Director, photographer, writer and art collector John Waters declares on the television series “ART:21”:
I love collecting art because it makes other people insane”.
He buys his first piece of art (a reproduction by Miró from a museum gift shop) at eight years old, and realizes the power of art when his friends can’t see in it what he sees. He finds this reaction repeated throughout the years, especially related to contemporary art.
Ana Mendieta dies at age 32, after falling from her 34th floor apartment in New York’s Greenwich Village; her husband, sculptor Carl Andre is charged with her murder. Though there are no eyewitnesses, the doorman and neighbors overhear a violent, drunken argument between the newlyweds, as well as a woman repeatedly screaming “No” just prior to Mendieta’s fall.
In Andre’s emergency call, he says Mendieta has “somehow gone out the window” of their Greenwich Village high-rise. Andre’s statements to police differ from this emergency call, and he has scratches on his face and arms, so he’s arrested. He claims he has no memory of the evening.
The incident is a divisive one in the art world, with people taking one side or the other.
Friends of Andre can’t believe that he’s guilty.
Mendieta’s friends, male and female, don’t believe Andre’s defense that there may have been an unremembered accident, or that Ana has committed suicide. They remember her as “up”, ambitiously looking forward to a new body of work, and talking about giving up drinking and smoking so that she could live long enough to reap some rewards from a long art career. They resent Andre’s lawyers for attempting to use her artwork to support what they feel is a ridiculous notion of suicide. They don’t believe an accident theory, either, saying she never would have gone near the windows, let alone in her underwear, as she suffers from an intense fear of heights. The general consensus among her friends is that Andre, her husband of eight months, has pushed or thrown her out of the window during an argument.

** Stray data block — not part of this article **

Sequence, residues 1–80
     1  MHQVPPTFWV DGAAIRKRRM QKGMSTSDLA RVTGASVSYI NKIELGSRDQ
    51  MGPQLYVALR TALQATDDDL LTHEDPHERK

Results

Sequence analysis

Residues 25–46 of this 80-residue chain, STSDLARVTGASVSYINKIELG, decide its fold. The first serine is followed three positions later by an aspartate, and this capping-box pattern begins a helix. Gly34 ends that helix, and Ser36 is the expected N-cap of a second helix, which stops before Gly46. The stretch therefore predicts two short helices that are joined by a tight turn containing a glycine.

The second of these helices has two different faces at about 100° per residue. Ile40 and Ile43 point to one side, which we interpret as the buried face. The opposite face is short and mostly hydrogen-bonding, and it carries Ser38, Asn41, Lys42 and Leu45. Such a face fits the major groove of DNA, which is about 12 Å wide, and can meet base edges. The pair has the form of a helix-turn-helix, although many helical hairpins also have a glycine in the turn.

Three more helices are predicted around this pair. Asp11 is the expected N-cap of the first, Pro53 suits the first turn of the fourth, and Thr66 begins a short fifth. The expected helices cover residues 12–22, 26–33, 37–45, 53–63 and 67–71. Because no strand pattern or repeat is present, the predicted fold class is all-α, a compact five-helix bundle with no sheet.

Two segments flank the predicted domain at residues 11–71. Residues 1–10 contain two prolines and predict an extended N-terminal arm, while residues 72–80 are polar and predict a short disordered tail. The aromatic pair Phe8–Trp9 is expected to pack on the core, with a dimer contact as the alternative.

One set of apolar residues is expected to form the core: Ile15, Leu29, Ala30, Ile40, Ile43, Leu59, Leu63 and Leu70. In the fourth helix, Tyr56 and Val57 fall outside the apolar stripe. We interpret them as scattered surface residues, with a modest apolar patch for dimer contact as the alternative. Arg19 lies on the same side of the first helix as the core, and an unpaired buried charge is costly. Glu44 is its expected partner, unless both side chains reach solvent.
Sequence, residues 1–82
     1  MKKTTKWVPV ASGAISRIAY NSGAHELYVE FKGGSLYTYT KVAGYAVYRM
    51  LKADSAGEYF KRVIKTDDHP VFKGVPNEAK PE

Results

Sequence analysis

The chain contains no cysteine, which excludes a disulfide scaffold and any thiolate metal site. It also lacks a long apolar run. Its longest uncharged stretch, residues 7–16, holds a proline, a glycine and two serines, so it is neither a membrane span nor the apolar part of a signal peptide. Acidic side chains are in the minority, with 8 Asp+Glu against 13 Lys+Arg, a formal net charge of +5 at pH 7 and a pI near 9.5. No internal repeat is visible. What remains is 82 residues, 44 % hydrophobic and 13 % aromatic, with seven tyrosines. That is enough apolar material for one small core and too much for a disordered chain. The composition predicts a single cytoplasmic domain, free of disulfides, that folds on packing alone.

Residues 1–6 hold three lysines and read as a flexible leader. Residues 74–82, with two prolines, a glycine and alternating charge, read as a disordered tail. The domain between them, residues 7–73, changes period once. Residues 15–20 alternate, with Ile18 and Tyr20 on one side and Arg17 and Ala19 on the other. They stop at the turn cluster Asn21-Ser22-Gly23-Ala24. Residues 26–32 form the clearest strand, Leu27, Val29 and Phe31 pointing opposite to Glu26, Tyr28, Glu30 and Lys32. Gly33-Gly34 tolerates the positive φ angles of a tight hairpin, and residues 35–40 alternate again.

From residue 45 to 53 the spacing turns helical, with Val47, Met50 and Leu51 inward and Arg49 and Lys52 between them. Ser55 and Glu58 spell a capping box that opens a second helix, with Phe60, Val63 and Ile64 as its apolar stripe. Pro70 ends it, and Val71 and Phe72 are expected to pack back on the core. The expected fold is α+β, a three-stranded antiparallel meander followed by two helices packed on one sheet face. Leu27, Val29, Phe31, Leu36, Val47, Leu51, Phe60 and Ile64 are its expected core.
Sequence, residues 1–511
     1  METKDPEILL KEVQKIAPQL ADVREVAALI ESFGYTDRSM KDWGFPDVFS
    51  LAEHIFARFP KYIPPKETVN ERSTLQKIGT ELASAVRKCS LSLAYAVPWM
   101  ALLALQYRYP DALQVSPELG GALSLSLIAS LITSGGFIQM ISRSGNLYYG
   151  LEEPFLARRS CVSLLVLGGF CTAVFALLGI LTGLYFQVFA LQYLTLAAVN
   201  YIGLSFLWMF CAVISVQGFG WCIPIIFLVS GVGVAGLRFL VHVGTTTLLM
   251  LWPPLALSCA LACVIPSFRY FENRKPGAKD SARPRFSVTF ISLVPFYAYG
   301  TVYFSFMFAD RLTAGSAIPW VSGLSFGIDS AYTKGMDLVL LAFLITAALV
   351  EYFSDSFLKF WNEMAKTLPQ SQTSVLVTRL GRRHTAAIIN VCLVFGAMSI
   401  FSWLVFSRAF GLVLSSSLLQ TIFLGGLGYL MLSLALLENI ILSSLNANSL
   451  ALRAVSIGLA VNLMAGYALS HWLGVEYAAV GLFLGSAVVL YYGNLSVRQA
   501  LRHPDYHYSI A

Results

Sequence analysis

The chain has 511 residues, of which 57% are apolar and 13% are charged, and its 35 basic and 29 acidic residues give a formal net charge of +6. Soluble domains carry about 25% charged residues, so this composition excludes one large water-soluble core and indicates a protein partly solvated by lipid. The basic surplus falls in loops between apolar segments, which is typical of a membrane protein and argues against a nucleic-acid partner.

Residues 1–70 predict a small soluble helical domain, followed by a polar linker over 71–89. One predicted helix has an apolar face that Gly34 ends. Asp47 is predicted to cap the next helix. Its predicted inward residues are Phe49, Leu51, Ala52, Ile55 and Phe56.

Andre requests a trial by judge, rather than jury, avoiding cross-examination; he is acquitted of murder three years after Mendieta’s death.
Mendieta’s work, which she describes as “earth-body” art, usually puts her in the same school as environmental artist Robert Smithson, but she deals with issues of gender as well as land. Some of her best-known work includes silhouettes of her body created with natural elements like mud, rocks, flowers, and leaves. She also works with her own blood, suggesting magical, feminist, sexual, as well as violent properties, in keeping with the feminist tradition of the 1970s. Many of her materials suggest her background in Cuba and Mexico, an earthy connection to land, and a desire to ground herself to it.
Seventeen days after the Mona Lisa is stolen without anyone noticing, police arrest the poet Guillaume Apollinaire. As a critic and surrealist, he’s suggested in the past that the Louvre should be burned down, and he rooms with someone who’s been stealing antiquities. He’s held for five days, during which time he implicates his friend Picasso, and returns some of his roommate’s stolen artifacts. Based on lack of evidence that he had any knowledge of the crime, he is released.
I wonder to what extent he enjoys this, even sees it as a surealist performance piece. If he were kidding (which I think he is), I bet Picasso laughs his head off.
Painter Elizabeth Murray is born. She’s known for pioneering shaped canvases which ask the question: am I a painting or an object? They’re fun, abstract paintings that are made of cartoon-like shapes and symbols, and she died too soon.
Monet’s wife Camille dies of cancer at age 32, and he paints a portrait of her on her deathbed.